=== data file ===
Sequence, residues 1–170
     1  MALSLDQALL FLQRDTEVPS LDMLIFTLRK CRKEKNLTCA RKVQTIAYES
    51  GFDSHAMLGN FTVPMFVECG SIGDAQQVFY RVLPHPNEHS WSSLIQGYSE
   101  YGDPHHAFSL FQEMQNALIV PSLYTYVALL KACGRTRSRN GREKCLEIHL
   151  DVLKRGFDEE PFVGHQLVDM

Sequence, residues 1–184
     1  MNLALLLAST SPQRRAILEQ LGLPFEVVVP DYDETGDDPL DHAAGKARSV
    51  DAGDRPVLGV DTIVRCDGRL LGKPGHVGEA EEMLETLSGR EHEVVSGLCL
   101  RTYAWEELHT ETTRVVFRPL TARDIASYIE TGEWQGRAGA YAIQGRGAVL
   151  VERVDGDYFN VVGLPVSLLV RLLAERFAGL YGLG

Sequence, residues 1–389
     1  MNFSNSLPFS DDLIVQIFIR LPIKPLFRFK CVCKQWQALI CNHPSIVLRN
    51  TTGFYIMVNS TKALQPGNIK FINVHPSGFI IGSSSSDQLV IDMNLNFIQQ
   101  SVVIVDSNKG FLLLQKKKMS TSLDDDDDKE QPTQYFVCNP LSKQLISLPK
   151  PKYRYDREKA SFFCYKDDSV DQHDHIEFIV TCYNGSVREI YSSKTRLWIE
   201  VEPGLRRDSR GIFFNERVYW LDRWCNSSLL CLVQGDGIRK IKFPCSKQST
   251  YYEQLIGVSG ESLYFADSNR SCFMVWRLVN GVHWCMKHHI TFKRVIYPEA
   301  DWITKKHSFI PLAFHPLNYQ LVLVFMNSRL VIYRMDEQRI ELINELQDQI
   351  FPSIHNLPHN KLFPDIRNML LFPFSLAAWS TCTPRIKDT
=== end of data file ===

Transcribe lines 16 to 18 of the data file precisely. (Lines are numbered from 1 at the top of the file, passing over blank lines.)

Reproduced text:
   201  VEPGLRRDSR GIFFNERVYW LDRWCNSSLL CLVQGDGIRK IKFPCSKQST
   251  YYEQLIGVSG ESLYFADSNR SCFMVWRLVN GVHWCMKHHI TFKRVIYPEA
   301  DWITKKHSFI PLAFHPLNYQ LVLVFMNSRL VIYRMDEQRI ELINELQDQI